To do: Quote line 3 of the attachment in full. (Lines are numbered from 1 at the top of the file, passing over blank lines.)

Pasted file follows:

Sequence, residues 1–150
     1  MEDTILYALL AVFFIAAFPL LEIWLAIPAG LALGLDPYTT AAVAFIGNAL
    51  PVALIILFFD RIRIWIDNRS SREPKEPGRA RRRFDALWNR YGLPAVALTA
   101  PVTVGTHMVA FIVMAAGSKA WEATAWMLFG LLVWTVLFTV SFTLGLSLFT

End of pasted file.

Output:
    51  PVALIILFFD RIRIWIDNRS SREPKEPGRA RRRFDALWNR YGLPAVALTA